Sappho’s word choices here make this as difficult as any of her fragments to appreciate in translation.  Yet, not only do those choices make attribution of this fragment to Sappho secure, they also manifest her importance in an area for which she rarely receives attention: early Greek medical thinking.  One reason her importance in that regard is largely unnoticed is that Western medicine in general has abandoned its own tradition, retaining only the nomenclature and some of the symbolism of early Greek medicine. Continue reading “Sappho’s Prescription For A Healthy Heart & the Taoist/Buddhist Concept of Forget (忘)”

The Sphere: A Symbol of Ancient Greek Female Spirituality by Stuart Dean

Stuart WordPress photoOriginally, in ancient Greek, ‘sphere’ simply meant ‘ball.’  Though its grammatical gender varied, it was primarily a feminine noun.  It is in that sense and with that gender that it bounces into Western literature in the episode of the Odyssey where Nausicaa and her companions are playing catch on a beach (Odyssey 6.100 ff).

Nausicaa is said to be conducting her companions in ‘molpe,’ a curious term that seems to refer to dancing, music and poetry as a single form of performance art.  Authorship (including possibly female authorship) and dates of individual episodes of the Odyssey remain debatable, but both from this episode as well evidence from other sources there is no doubt that in general what Nausicaa and her companions are doing here relates to an actual custom among Greek women that dates back to well before writing was adopted. Furthermore, molpe was spiritually significant.  As the conductor of its performance Nausicaa is compared to Artemis.

The reference to Artemis as one of those who ‘holds heaven’ (Odyssey 6.150), suggests that the sphere with which Nausicaa and her companions are playing may have been intended (at least by the author of this episode) to be a symbol of the celestial sphere.  That suggestion is bolstered by an appeal to what is to be found in the fragments that survive of the poetry of Sappho, who it is readily apparent considered herself as much a musician and choreographer as a poet.  That is to say, whereas Nausicaa may be a fictional persona, with Sappho we have the only direct evidence of any substance directly from an actual woman of what constituted molpe.  From how she refers to a female performer of molpe as goddess-like (S. 96), followed immediately by a comparison of yet another woman’s beauty to that of the moon, as well as other fragments of poems where either the appearance or movement of women in connection with a molpe performance is related to celestial events such as the appearance of a full moon or the movement of the Pleiades, it is clear that for Sappho choreography was in effect applied cosmology (see S. 154 and S. 34 and how it is surely echoed in a much later Latin poem here). Continue reading “The Sphere: A Symbol of Ancient Greek Female Spirituality by Stuart Dean”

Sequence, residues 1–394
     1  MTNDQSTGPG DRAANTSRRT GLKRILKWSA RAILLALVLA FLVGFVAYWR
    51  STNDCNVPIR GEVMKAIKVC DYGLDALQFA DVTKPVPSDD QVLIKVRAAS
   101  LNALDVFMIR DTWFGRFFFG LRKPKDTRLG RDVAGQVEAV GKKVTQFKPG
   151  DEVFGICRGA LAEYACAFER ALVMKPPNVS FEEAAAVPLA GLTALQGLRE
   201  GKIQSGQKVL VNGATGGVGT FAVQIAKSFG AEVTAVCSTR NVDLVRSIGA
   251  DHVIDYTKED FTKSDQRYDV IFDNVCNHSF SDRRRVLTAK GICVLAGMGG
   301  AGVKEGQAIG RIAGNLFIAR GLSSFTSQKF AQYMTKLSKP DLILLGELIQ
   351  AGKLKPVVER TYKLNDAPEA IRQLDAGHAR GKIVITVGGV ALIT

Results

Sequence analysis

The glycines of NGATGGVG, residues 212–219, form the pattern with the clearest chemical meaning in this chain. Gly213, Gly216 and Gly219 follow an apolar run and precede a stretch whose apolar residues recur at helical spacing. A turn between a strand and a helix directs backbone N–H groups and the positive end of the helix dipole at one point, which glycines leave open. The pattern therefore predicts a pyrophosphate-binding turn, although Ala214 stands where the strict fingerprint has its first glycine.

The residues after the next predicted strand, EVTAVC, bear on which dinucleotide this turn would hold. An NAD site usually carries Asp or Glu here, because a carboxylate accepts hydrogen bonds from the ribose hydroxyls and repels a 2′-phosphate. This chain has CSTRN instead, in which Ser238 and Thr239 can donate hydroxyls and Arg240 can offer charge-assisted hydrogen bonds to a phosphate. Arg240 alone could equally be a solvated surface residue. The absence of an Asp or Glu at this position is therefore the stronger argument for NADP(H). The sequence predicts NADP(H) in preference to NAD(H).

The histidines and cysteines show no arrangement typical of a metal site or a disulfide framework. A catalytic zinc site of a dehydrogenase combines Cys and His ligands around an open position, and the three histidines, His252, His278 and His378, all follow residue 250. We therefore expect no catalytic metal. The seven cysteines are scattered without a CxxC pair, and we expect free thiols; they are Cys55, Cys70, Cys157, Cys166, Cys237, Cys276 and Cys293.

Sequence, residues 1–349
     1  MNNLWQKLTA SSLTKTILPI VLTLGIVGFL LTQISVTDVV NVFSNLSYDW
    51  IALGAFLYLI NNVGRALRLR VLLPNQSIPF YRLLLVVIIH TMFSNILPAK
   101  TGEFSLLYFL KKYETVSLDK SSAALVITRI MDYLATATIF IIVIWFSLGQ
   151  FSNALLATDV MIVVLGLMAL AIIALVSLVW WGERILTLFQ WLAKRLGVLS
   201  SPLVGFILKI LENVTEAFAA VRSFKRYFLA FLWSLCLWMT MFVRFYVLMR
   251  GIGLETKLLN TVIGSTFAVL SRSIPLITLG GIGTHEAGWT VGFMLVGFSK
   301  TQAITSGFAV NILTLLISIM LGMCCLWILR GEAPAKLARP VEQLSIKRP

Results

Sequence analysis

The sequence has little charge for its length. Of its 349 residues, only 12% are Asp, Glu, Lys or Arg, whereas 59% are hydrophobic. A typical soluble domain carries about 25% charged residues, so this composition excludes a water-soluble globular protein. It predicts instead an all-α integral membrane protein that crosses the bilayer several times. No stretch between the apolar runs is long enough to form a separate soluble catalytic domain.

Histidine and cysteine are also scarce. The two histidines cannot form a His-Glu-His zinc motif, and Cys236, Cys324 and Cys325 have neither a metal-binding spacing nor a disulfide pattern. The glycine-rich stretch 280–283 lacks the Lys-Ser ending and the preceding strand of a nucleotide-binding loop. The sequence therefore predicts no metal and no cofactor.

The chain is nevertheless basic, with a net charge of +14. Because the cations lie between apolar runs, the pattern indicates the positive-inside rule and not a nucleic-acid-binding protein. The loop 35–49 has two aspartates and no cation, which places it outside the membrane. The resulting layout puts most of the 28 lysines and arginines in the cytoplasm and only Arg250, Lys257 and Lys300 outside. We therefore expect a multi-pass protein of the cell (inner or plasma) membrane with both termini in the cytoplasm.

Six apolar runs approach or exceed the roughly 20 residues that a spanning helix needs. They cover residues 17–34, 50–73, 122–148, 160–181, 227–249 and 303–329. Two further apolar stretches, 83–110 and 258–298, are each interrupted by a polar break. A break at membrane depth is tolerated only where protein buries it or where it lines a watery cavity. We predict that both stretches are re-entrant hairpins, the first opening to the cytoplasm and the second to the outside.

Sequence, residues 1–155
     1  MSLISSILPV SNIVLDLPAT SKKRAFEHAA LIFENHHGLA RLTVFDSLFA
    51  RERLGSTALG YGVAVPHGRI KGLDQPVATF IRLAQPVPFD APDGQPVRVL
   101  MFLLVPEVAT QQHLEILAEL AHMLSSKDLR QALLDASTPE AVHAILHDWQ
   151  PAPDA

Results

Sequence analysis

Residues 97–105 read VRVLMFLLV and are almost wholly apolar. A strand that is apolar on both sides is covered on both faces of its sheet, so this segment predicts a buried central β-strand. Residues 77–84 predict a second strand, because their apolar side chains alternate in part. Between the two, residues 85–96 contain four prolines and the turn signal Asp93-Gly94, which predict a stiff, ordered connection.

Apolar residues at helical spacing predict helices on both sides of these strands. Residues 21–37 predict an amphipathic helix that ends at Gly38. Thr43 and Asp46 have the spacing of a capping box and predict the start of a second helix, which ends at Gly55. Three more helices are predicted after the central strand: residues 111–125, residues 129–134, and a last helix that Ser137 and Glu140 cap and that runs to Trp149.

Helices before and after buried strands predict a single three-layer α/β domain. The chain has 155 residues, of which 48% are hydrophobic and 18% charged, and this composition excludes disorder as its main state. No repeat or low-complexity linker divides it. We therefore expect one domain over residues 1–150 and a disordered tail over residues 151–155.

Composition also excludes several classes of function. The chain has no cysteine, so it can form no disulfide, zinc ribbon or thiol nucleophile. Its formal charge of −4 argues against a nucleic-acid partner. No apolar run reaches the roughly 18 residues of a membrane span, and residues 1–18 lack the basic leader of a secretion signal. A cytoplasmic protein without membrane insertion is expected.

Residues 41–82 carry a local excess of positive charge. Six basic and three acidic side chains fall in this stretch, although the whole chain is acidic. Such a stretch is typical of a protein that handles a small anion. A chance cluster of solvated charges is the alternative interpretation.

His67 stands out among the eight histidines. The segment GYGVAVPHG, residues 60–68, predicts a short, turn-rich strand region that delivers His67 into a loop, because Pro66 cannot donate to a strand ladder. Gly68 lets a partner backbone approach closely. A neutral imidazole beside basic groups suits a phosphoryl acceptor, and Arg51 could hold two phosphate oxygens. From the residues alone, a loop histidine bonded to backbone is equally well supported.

The Physician Luke, the Virgin Mary and the Poet Sappho by Stuart Dean

Stuart WordPress photoSince my last contribution to Feminism and Religion my interest in Sappho and her influence has led me to a detailed analysis of Luke 1:27-45 (hereafter, the “Conception Story”).  I want to share two observations from that analysis that I think will be of interest to readers of this blog.  Both relate to the generally agreed upon fact that Luke was a physician and in particular to knowledge he can be assumed to have had of female anatomy based on evidence from approximately contemporaneous sources.